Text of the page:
Then there is the oil for anointing the sick. Arrayed before us is a host of suffering people: those who hunger and thirst, victims of violence in every continent, the sick with all their sufferings, their hopes and their moments without hope, the persecuted, the downtrodden, the broken-hearted. Regarding the first mission on which Jesus sent the disciples, Saint Luke tells us: “he sent them out to preach the kingdom of God and to heal” (9:2). Healing is one of the fundamental tasks entrusted by Jesus to the Church, following the example that he gave as he travelled throughout the land healing the sick. To be sure, the Church’s principal task is to proclaim the Kingdom of God. But this very proclamation must be a process of healing: “bind up the broken-hearted”, we heard in today’s first reading from the prophet Isaiah (61:1). The proclamation of God’s Kingdom, of God’s unlimited goodness, must first of all bring healing to broken hearts. By nature, man is a being in relation. But if the fundamental relationship, the relationship with God, is disturbed, then all the rest is disturbed as well. If our relationship with God is disturbed, if the fundamental orientation of our being is awry, we cannot truly be healed in body and soul. For this reason, the first and fundamental healing takes place in our encounter with Christ who reconciles us to God and mends our broken hearts. But over and above this central task, the Church’s essential mission also includes the specific healing of sickness and suffering. The oil for anointing the sick is the visible sacramental expression of this mission. Since apostolic times, the healing vocation has matured in the Church, and so too has loving solicitude for those who are distressed in body and soul. This is also the occasion to say thank you to those sisters and brothers throughout the world who bring healing and love to the sick, irrespective of their status or religious affiliation. From Elizabeth of Hungary, Vincent de Paul, Louise de Marillac, Camillus of Lellis to Mother Teresa – to recall but a few names – we see, lighting up the world, a radiant procession of helpers streaming forth from God’s love for the suffering and the sick. For this we thank the Lord at this moment. For this we thank all those who, by virtue of their faith and love, place themselves alongside the suffering, thereby bearing definitive witness to the goodness of God himself. The oil for anointing the sick is a sign of this oil of the goodness of heart that these people bring – together with their professional competence – to the suffering. Even without speaking of Christ, they make him manifest.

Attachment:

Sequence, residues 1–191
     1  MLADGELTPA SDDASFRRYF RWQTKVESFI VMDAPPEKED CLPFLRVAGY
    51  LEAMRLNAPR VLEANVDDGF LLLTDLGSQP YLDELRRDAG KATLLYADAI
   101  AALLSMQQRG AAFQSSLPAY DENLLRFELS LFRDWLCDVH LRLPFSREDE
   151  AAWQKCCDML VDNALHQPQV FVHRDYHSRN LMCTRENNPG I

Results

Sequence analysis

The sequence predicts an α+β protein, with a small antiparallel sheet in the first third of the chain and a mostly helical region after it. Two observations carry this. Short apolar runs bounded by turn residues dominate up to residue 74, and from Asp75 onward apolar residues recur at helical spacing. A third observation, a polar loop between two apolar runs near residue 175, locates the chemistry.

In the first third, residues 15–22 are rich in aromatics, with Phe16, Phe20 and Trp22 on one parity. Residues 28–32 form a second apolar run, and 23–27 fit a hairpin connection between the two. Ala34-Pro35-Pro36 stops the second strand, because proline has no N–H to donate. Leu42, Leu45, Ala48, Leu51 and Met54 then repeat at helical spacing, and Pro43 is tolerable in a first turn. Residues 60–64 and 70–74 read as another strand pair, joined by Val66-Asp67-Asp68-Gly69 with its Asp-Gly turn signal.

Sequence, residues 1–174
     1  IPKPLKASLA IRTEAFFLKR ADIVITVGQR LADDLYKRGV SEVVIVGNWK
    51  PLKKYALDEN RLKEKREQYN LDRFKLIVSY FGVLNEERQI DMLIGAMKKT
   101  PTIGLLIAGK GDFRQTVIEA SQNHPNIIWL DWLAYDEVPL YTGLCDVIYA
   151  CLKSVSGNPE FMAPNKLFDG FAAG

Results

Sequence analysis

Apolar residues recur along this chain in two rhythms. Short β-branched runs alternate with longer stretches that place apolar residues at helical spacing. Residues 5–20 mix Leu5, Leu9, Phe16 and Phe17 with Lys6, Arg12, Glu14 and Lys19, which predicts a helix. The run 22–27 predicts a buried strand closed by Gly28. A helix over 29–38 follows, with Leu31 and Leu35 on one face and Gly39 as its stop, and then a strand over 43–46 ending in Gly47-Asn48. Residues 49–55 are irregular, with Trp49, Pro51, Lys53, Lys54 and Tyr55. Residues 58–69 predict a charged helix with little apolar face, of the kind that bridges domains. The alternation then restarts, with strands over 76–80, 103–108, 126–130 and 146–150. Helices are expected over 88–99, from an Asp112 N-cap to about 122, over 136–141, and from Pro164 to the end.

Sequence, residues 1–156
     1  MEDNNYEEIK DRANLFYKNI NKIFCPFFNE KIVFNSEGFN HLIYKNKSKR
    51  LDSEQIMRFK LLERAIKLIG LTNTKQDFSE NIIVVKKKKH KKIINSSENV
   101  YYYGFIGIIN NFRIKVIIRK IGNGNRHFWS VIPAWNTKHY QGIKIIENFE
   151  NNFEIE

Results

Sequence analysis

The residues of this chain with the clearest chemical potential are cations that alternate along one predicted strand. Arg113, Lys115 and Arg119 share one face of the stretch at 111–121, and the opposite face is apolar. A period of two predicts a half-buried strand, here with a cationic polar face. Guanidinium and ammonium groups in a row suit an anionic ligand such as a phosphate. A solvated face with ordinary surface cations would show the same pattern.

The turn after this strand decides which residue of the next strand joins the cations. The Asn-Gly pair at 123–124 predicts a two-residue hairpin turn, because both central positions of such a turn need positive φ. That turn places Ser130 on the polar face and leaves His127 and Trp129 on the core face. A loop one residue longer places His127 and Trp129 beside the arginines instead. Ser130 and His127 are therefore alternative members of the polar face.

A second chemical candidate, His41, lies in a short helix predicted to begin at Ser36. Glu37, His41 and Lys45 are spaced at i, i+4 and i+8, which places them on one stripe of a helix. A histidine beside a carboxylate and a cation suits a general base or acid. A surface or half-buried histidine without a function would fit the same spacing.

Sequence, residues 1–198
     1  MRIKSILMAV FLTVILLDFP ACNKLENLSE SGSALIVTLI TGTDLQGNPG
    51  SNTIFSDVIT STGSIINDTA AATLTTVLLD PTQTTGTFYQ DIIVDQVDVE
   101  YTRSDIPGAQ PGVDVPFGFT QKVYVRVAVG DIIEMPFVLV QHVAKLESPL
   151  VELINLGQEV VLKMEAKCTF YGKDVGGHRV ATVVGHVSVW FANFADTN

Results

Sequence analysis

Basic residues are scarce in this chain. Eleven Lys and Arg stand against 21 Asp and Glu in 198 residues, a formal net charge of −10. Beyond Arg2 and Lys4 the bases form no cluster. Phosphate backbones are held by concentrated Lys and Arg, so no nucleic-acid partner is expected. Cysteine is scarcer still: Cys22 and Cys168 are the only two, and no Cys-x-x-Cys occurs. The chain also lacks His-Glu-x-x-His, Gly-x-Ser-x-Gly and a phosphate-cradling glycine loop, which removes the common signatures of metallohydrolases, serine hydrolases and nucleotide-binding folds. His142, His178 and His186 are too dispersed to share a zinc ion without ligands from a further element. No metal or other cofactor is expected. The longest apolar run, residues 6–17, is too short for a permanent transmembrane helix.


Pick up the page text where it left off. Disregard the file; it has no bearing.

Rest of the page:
We All Can Make A Difference Every human being is an incalculable force, bearing within him something of the future. To the end of time, our daily words and actions will bear fruit, either good or bad; nothing that we have once given of ourselves will perish, but our words and works, handed on from one to another, will continue to do good or harm to remote generations. This is why life is a sacred thing, and we ought not to pass through it thoughtlessly, but to appreciate its value and use it so that, when we are gone, the sum total of good in the world may be greater. Elisabeth Leseur, Secret Diary of Elisabeth Leseur
Lent Is About Increasing Christian Joy! Dear Brothers and Sisters,
This year the Lord grants us, once again, a favorable time to prepare to celebrate with renewed hearts the great mystery of the death and resurrection of Jesus, the cornerstone of our personal and communal Christian life. We must continually return to this mystery in mind and heart, for it will continue to grow within us in the measure that we are open to its spiritual power and respond with freedom and generosity.
The paschal mystery as the basis of conversion Christian joy flows from listening to, and accepting, the Good News of the death and resurrection of Jesus. This kerygma sums up the mystery of a love “so real, so true, so concrete, that it invites us to a relationship of openness and fruitful dialogue” (Christus Vivit, 117). Whoever believes this message rejects the lie that our life is ours to do with as we will. Rather, life is born of the love of God our Father, from his desire to grant us life in abundance (c…
Prophecy Given To Fr. Michael Scanlan in 1976 Son of man, do you see that city going bankrupt? Are you willing to see all your cities going bankrupt? Are you willing to see the bankruptcy of the whole economic system you rely on now so that all money is worthless and cannot support you?
Son of man, do you see the crime and lawlessness in your city streets, and towns, and institutions? Are you willing to see no law, no order, no protection for you except that which I myself will give you?
Son of man, do you see the country which you love and which you are now celebrating—a country’s history that you look back on with nostalgia? Are you willing to see no country—no country to call your own except those I give you as my body? Will you let me bring you life in my body and only there?
Son of man, do you see those churches which you can go to so easily now? Are you ready to see them with bars across their doors, with doors nailed shut? Are you ready to base your life only on me and not on any p…